Tuesday, 25 February 2020

Has Private Equity LBO'd the Hotel California?


According to this chart from Bain's 2020 LBO study, there seems to be about 2.5-3x as many LBO deal entries than exits in this cycle? 


For example in 2010-2012 there were around 3,000 deals per year, but in the last 4 years exits were only about 1,000-1,250. 

While the exit value of the sucessful deals seems to be about double what was invested, the question also arises of what happened to the other deals that haven't been exited after 5-10 years? 

Bain found that out of the successfully exited deals, 71% failed to meet the margin improvement targeted when the deal was entered into - and this has been during an economic recovery period and only covering exited deals. 



If after 5-10 years, only about 40% of deals are being exited and most of them were behind target, what has happened to the others? After all, this cycle has been the longest and most accommodating ever for US corporates. 

Meanwhile, in terms of the current market environment and outlook, we know that with record amounts of capital being raised from LP's, the last two years' US LBO's have been done at all time record valuations. 




According to S&P, 2018 and 2019 have seen average US LBO multiples of over 11x EBITDA (which means that half of all deals were done above 11x), with Europe only slightly behind. 






According to Bain, 10-year returns of US LBO's have been similar to the S&P index return, despite LBO companies being small to mid-cap in size and highly leveraged. 

This suggests there is no wholesale inefficiency in the LBO's and, in fact, the LBO sector is probably overcapitalized. 


The sources of return on exited deals also don't suggest any great value add by the GP's and instead highlight the dependency on margin levels and multiples.


Additionally, if only about 40% of the older deals are realized, it might raise questions on what valuations are being used on the remaining (struggling?) deals, to generate these stated IRR's.



We know the best vintages are done at 8-9x depressed EBITDA following a downturn, not at >11x on falling, late cycle EBITDA. 

To finance these record multiples, the GP's have arranged deals with ~5.5x EBITDA from senior loans (aka leveraged loans) and the balance, another ~5.5x, from equity. 


So these LBO financing structures and return outlooks are underpinned by a combination of corporate margins and valuation multiples. But unfortunately US margins are in the process of falling, as they always do late cycle, until there is a recession.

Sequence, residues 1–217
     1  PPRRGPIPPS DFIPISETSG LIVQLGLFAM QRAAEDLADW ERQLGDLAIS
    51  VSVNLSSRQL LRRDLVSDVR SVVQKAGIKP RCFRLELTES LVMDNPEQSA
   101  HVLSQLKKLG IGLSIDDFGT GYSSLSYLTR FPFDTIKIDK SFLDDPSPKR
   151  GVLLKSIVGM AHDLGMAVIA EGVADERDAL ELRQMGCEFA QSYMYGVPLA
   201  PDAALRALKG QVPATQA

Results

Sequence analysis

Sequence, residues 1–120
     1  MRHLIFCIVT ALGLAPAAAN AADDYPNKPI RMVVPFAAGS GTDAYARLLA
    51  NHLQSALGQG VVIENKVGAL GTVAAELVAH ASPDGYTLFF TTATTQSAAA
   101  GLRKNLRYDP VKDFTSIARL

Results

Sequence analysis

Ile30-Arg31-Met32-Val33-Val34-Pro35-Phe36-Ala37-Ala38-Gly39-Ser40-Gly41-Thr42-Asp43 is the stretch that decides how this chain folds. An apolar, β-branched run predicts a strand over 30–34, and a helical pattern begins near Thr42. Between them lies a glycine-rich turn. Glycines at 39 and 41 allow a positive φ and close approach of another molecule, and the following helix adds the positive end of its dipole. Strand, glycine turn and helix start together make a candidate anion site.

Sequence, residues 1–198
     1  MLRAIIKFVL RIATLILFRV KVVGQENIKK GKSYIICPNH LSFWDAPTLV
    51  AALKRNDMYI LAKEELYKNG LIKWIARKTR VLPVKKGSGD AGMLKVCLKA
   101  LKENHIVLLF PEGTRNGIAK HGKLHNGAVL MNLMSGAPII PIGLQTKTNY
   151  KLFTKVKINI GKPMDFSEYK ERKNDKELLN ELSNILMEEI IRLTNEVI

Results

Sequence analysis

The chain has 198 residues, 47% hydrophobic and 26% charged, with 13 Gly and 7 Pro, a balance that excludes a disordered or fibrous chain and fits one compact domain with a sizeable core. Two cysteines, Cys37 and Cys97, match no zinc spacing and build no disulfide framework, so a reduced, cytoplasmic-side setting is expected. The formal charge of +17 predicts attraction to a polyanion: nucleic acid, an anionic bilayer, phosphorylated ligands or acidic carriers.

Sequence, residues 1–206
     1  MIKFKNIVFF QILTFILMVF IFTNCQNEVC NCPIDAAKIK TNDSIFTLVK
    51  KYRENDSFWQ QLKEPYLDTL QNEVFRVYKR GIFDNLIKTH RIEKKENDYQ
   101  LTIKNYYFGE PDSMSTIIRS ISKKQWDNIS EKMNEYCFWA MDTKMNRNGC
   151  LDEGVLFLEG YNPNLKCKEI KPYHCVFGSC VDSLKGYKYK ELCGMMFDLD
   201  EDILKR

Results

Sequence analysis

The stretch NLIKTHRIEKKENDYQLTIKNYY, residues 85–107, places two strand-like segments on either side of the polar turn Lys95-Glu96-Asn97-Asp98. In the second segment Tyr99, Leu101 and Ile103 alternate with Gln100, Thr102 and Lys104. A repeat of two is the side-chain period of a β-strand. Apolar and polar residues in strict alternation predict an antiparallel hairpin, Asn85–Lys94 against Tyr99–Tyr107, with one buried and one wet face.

Longer run average after tax profits as a percent of GDP are 5-7% vs 8.7% in Q3 2019. So circa 5% after a downturn and 7% after a growth cycle. If US profits fell to the middle of that range, 6% from 8.7% in Q3 19, profits would fall 41%. 




EDITDA is not as sensitive as after tax profits, but lets assume a 41% profit drop equates to roughly a 30% EBITDA drop for an average LBO company. 

Let's assume a recent LBO with $1 of EBITDA was done at $11 enterprise value, financed with a $5.50 senior loan and $5.50 of equity. Then after a downturn the loan market is only willing to finance LBOs at 8.5x EBITDA. 

Using the $1 of current EBITDA, this drops to 70c. At 8.5x the 70c EBITDA the company is worth just $5.95. But the senior debt was $5.50, so the equity residual has fallen to just 45c, vs the original LP commitment of $5.50; that's over a 90% loss of equity driven by a fall in margins and a fall in mulitples. 

So you would assume this would breach loan covenants and the deal would be toast?

But here is where it gets more interesting. LBO GP's are judged, in part, on how many deals go to zero. So if a company's business has not blown up and the issue is more the amount of debt/ EBITDA, then the GP's have an huge incentive to keep a bad deal alive. 

Over 5-10 years, as nominal GDP grows, most companies should see substantial revenue and therefore EBITDA growth, so by keeping a bad deal alive, even if it involves drip feeding more equity in after a downturn, it keeps management fees coming to the GP, a positive carry option for the GP on a recovery and avoids difficult conversations with LPs, but all at the cost of the fund IRR and liquidity to the LP.

Once an LP commits to a new private equity fund, during the investment period they pretty much can't get out of the capital calls and then they are dependent on when the GP chooses to exit investments, years later. 

So to abridge the famous song;

Welcome to the Hotel California
Such a lovely place (such a lovely place)...

...You can check out any time you like,
But you can never leave!'




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